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This Week In Congress - July 16, 2010

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SCRIPT:

I’m Elizabeth Wynne Johnson of Capitol News Connection. This Week in Congress...

Lawmakers returned to Washington to a heaping plateful of priorities, and just 20 working days before they leave town again for the August recess. One of those priorities: the unemployment benefits that continue to lapse for millions of people now chronically-unemployed. With the recent death of Sen. Robert Byrd (D-WV), Democrats lost not just a colleague, but a vote. One of the 60 votes they need to move the benefits extension, or any bill, forward.

UDALL: Just a few years ago we would cut taxes and put a Medicare benefit in place and start a war in Iraq and not be concerned about paying for it.

Senator Mark Udall, Democrat of Colorado.

UDALL: When it comes to the needs of hard working Americans who have lost their jobs, we can’t find a way to cover them? It does not make sense to me.

LEMIEUX: I want unemployment benefits for Floridians, but we don’t need to put another $30 billion of debt on our children and grandchildren.

That’s Senator George LeMieux, Republican of Florida.

At this point, the contours of the ‘stimulative-spending versus fiscal-conservative’ positions are well defined, excruciatingly familiar, and about to become ossified by the effects of a midterm campaign season. The next step for Democratic leaders? Getting someone to fill Byrd’s seat, for one.

How about some news of cooperation and cross-party unity for a change? This week, Senators darn-near grabbed hands and sang Kumbaya over a compromise on the future of NASA and human space flight.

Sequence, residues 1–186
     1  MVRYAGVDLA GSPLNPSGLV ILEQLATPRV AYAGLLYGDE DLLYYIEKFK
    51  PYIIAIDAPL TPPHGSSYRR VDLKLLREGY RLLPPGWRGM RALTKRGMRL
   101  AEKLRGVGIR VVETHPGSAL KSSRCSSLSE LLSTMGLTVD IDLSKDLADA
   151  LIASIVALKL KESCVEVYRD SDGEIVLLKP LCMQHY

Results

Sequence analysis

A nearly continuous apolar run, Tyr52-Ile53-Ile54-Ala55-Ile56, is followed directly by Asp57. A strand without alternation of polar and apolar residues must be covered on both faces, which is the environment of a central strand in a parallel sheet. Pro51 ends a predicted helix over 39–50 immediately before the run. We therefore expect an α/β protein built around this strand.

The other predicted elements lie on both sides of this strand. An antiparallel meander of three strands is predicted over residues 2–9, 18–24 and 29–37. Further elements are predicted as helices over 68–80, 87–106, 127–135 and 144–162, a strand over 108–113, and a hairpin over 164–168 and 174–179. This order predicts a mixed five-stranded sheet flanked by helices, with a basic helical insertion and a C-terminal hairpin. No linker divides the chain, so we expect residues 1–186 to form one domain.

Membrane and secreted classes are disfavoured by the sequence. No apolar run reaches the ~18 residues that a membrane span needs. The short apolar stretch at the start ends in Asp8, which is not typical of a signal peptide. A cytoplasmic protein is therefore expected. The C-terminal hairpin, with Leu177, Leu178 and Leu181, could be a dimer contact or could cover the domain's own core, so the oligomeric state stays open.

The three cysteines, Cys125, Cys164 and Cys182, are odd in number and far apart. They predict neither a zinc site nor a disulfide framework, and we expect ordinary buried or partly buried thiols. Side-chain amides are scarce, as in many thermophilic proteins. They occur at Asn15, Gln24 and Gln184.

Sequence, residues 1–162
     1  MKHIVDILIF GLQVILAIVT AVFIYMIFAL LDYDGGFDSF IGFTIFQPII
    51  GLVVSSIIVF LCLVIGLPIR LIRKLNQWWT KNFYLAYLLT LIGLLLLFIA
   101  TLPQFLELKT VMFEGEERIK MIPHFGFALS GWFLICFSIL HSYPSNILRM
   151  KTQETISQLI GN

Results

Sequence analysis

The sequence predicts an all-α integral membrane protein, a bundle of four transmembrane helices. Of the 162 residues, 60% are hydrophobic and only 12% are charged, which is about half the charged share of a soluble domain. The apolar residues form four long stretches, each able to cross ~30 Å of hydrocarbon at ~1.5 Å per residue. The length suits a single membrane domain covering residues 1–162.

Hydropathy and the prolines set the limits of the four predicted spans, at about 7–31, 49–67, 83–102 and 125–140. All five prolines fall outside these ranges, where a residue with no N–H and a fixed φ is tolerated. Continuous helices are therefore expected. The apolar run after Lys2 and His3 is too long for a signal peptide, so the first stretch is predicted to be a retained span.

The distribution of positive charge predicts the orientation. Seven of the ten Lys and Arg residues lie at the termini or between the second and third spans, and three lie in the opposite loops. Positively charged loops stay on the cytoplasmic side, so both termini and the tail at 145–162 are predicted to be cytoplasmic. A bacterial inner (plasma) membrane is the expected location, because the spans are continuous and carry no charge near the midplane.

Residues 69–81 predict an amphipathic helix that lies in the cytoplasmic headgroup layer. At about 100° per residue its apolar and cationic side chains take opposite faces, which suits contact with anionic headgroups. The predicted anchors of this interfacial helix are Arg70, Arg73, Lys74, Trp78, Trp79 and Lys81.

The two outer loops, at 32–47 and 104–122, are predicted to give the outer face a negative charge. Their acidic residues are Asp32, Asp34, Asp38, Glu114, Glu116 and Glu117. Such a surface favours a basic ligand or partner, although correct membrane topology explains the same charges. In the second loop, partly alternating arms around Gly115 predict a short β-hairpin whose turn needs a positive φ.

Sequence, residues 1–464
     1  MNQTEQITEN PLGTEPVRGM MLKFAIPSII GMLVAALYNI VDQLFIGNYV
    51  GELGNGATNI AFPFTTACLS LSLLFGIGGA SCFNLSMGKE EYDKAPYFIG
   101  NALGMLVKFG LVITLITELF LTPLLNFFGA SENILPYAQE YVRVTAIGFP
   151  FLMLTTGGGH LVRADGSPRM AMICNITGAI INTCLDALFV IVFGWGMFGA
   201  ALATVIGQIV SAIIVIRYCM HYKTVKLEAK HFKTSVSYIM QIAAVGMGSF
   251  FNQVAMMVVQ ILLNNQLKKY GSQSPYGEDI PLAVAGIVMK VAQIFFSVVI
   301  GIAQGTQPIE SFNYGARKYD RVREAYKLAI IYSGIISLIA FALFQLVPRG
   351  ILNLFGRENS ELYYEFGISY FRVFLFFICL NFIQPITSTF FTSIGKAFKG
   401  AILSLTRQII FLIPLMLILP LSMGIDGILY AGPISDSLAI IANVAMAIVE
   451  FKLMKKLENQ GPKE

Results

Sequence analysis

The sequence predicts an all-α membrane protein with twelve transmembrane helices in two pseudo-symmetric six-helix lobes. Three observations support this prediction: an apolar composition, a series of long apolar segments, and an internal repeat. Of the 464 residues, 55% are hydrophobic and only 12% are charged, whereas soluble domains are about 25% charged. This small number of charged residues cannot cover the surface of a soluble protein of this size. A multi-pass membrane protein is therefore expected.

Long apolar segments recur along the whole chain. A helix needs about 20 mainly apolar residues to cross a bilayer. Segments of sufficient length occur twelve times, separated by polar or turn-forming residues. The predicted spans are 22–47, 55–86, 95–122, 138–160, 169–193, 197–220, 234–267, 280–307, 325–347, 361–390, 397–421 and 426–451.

NELSON: It’s somewhat of a miracle that we have been able to achieve the unanimity in this consensus. It’s a miracle but I believe in miracles.

After months of heated debate, Florida Democrat Bill Nelson and the rest of the Senate Commerce and Science Committee unanimously approved a plan that will extend the shuttle program for another year. The compromise invests more than $1 billion in commercial space projects, but it doesn’t rely on the private sector as much as the President wanted. Texas Republican Kay Bailey Hutchison rarely agrees with Democrats, but in this case...

HUTCHISON: I think we have created a balance in which commercial is going to be very important. And it will be transitional. Down the road perhaps, commercial will have the capabilities to take over the main components of space exploration, but we are not there yet.

The common ground in outer space...not surprisingly...JOBS.

Speaking of things that took months of debate: On Thursday, the Senate passed a bill aimed at reforming the financial regulatory system. In its final form, the Wall Street overhaul reworks bank oversight, tightens rules for high-risk financial instruments and creates an agency devoted to "consumer protection."

What, no rousing chorus of "kumbaya?" What Senators did instead was immediately break into solos, singing the virtues of their own contributions. Sen. Michael Bennet of Colorado insisted on language to ensure that returned bailout funds will go toward paying down the deficit.

BENNET: My amendment, the Pay It Back Act, said that money should be used dollar for dollar to reduce our deficit, because we borrowed it from our kids. When the President signs this bill that will be the law of the land.

On a bill this big, it pays to say "Hey, I made it better." Perhaps more than it pays to celebrate the whole, lumpy, imperfect thing.

Next week, on Tuesday, the Senate Judiciary Committee votes on whether to advance Supreme Court nominee Elena Kagan to the full Senate for confirmation. Also on Tuesday, 36-year-old Carte Goodwin will be sworn in to complete the term of the late Senator Byrd.

That was This Week in Congress. I’m Elizabeth Wynne Johnson, Capitol News Connection.

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